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Published in Print: May 9, 2001, as Philadelphia To Scrap 'Cluster' Plan In Bid To Save Money

Philadelphia To Scrap 'Cluster' Plan In Bid To Save Money

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Six years after a high-profile reorganization of Philadelphia's schools into 22 clusters, the district's new leader announced last week that the plan would be scrapped in an attempt to cut a huge deficit.

"Dollars drive decisions around here, no question about it," said Alexis Moore, the spokeswoman for the 210,000-student district.

District leaders estimate that eliminating the layers of bureaucracy that oversee the clusters would save $60 million over five years, though they could not say how they arrived at that figure. Ms. Moore said the district plans to send cluster staff members "back to the classroom" as teachers and principals.

Ms. Moore said she expects some savings to come from lessened expenses for maintenance and facilities for the cluster offices.

Philip R. Goldsmith

Philip R. Goldsmith, the district's acting chief executive officer, left open the possibility of laying off district workers, according to The Philadelphia Inquirer.

The district, which has a budget of $1.7 billion, faces an estimated deficit of $192 million to $230 million. Pennsylvania state law requires that districts be able to report a balanced budget by May 30.

Philadelphia's decision to eliminate the cluster system brings into sharp focus the often-conflicting goals of large urban districts, which have to choose between balancing budgets and trying to raise student achievement.

'22 Systems'

Part of former Superintendent David W. Hornbeck's ambitious Children Achieving plan, the clusters were designed to improve curriculum and engender a sense of community. Each cluster, which has a full-time leader and staff of 12 to 18, is made up of a high school and its feeder elementary and middle schools.

Mr. Goldsmith, who has no previous education experience, was hired last October based largely on the strength of his corporate background. For the past 18 years, he has been an executive with PNC Bank Corp., an executive-recruiting company, and a management-consulting firm. He has also been a journalist and a deputy mayor for the city.

Mr. Goldsmith told the Inquirer that the cluster system was "decentralization run amok."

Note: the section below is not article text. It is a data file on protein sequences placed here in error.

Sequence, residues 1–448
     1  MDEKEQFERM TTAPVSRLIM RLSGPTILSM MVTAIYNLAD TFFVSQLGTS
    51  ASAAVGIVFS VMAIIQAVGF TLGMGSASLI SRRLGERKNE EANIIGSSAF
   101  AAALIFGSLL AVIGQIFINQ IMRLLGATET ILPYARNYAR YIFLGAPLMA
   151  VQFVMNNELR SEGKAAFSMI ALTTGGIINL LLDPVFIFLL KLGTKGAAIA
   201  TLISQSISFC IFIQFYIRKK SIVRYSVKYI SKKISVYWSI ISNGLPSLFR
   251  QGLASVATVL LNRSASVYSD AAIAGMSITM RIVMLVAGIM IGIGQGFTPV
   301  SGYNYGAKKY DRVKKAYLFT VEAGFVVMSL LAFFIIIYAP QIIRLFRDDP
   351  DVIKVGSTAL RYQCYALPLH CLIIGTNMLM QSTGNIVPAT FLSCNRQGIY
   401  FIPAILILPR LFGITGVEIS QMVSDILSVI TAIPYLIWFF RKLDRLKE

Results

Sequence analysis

He vowed to put a uniform curriculum in place throughout the district's 264 schools. In addition, the 22 clusters will be replaced with eight "academic offices" that will function somewhat as the clusters do, Ms. Moore said.

Joseph T. Murphy, a professor of education at Ohio State University, said that if clusters can foster a sense of community and help align the curriculum, they can be a powerful force for raising student achievement.

Mr. Hornbeck, who was the city superintendent from 1995 until his resignation last summer, defended the cluster plan last week as having raised test scores.

"Imagine having a conversation with 10 people verses one with 35," Mr. Hornbeck said of the cluster leaders, compared with Mr. Goldsmith's proposal. "It doesn't take rocket science to figure out that the conversation is going to be very, very different."

Still, Mr. Hornbeck's cluster plan was controversial among city and state officials. While none of his detractors denies that student achievement rose during his tenure, they voiced skepticism about the merits of the cluster organization.

"We opposed it from the beginning," said Ted Kirsch, the president of the Philadelphia Federation of Teachers, the city's affiliate of the American Federation of Teachers.

The district had "22 different school systems within the school boundaries," Mr. Kirsch said. "Tell me how that's a system."

Mayor John Street, who was elected in 1999, also opposed the cluster plan when it was introduced and he was a member of the City Council.

Vol. 20, Issue 34, Page 10

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